Prequels have a history that goes back almost as far as storytelling itself - and, one would assume, slightly before that, too. (Even Homer’s Iliad has a prequel, called Cypria, which was probably written in the late seventh century BC.) When we hear the word, though, we tend to think of the George Lucas definition. That is, to gracelessly explain previously unknown links in the narrative timeline that were probably best left unexplained.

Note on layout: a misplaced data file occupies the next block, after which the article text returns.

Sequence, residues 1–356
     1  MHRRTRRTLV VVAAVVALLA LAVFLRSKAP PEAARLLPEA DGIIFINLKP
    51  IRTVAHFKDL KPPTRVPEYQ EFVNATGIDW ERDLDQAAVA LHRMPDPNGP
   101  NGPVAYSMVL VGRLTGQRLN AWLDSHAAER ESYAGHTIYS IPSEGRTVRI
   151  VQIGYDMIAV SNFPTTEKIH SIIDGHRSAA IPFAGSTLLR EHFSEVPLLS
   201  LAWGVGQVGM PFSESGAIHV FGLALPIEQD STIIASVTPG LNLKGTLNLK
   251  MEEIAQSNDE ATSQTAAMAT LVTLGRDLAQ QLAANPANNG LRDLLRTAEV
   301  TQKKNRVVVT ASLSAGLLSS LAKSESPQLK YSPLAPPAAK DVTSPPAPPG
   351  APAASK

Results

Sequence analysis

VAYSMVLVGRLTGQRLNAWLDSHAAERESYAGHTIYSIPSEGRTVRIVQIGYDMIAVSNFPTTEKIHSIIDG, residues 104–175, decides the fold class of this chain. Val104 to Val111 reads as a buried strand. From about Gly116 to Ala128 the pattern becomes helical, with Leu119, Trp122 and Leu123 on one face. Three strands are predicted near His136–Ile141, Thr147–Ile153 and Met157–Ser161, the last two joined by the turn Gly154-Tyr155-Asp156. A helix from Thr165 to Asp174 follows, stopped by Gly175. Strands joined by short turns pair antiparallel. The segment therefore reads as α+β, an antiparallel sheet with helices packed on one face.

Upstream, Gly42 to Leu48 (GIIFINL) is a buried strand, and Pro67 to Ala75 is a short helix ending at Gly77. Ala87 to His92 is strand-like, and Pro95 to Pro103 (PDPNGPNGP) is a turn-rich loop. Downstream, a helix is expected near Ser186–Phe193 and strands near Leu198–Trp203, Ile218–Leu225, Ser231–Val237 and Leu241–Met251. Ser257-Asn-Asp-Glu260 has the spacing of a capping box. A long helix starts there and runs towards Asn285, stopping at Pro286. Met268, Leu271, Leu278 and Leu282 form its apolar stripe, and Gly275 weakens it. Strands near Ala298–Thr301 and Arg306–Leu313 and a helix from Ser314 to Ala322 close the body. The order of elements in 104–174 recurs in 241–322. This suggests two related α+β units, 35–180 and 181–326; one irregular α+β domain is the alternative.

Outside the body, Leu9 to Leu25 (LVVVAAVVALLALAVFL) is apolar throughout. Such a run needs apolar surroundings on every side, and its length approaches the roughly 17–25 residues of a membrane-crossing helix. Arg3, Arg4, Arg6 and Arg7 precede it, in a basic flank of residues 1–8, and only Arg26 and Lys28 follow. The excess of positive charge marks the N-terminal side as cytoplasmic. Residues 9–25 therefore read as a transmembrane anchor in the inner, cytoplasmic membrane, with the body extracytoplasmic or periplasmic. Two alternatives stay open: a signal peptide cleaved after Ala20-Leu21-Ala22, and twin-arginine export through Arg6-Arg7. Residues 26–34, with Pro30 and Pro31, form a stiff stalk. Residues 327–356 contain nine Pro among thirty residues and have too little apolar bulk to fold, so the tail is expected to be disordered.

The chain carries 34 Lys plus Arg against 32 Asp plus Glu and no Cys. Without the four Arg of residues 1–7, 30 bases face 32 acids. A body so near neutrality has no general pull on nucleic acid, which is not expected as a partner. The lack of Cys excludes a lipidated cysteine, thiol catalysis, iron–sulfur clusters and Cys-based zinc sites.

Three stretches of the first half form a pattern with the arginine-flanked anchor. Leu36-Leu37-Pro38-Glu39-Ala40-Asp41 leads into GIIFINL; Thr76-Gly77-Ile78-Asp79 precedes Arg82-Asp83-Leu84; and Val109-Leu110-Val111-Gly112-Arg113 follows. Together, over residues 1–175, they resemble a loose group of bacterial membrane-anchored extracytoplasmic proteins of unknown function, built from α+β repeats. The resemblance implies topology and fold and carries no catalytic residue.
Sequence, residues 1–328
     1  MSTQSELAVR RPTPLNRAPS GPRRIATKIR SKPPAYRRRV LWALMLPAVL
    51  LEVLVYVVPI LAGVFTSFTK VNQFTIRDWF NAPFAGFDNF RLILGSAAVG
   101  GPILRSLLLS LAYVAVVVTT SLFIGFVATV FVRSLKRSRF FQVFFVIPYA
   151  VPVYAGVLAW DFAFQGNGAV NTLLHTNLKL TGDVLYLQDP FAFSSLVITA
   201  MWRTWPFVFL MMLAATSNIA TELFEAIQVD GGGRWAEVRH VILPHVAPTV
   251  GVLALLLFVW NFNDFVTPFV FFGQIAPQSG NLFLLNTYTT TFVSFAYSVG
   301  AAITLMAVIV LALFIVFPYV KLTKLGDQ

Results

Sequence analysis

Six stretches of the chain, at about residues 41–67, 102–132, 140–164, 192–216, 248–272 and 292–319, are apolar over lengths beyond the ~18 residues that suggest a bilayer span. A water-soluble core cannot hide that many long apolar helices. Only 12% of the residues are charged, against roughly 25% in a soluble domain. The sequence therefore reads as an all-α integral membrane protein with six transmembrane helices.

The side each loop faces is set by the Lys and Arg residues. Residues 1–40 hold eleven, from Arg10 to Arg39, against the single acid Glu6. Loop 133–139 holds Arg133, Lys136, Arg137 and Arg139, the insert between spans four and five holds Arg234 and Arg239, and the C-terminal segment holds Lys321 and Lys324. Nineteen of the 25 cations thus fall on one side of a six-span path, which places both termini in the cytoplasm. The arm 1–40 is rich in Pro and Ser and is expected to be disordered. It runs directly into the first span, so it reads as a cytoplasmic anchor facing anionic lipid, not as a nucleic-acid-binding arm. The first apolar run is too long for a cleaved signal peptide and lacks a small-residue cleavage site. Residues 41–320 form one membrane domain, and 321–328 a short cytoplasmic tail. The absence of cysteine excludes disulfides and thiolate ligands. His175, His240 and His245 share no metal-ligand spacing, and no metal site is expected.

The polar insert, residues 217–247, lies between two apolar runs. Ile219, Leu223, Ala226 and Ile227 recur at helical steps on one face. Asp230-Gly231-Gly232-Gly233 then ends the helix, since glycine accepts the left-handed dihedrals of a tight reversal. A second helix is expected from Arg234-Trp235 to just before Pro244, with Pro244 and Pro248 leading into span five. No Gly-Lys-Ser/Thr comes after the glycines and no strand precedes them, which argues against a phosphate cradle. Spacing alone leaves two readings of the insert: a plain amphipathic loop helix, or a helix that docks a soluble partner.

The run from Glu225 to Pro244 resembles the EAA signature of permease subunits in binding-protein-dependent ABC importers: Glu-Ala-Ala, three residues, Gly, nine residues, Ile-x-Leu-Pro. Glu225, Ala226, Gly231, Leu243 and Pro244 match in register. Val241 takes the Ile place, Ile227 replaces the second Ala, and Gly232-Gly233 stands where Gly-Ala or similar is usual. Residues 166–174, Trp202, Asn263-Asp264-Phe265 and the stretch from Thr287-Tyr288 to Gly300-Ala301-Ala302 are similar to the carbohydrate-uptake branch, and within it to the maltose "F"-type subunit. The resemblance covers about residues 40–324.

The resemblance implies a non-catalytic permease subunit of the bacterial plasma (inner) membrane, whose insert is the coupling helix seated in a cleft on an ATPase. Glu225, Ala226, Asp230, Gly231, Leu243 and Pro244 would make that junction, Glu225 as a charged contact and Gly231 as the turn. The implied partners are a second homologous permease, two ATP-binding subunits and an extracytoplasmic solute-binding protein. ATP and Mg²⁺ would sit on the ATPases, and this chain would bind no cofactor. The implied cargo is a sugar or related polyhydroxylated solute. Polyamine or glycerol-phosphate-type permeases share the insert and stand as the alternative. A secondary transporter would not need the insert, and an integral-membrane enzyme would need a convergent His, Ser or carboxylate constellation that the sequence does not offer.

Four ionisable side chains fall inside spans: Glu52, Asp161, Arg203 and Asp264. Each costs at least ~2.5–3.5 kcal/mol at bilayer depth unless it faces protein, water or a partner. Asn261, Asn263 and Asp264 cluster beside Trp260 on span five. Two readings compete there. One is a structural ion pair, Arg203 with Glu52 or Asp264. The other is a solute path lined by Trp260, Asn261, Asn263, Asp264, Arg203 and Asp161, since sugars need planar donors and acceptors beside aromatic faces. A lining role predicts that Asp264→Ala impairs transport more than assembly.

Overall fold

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The Lucas Approach, we’ll call it, encourages creators to see prequels as an opportunity to counter criticisms of the original work by adding spurious backstory to flimsy plot elements: ‘Nuh-uh, it was supposed to seem ridiculous, because of this thing that happened before it that I only just wrote into the script now, so there’. For a fine example of this, see Rogue One, a $200 million dollar, 133-minute explanation of the Death Star’s faulty thermal exhaust port design.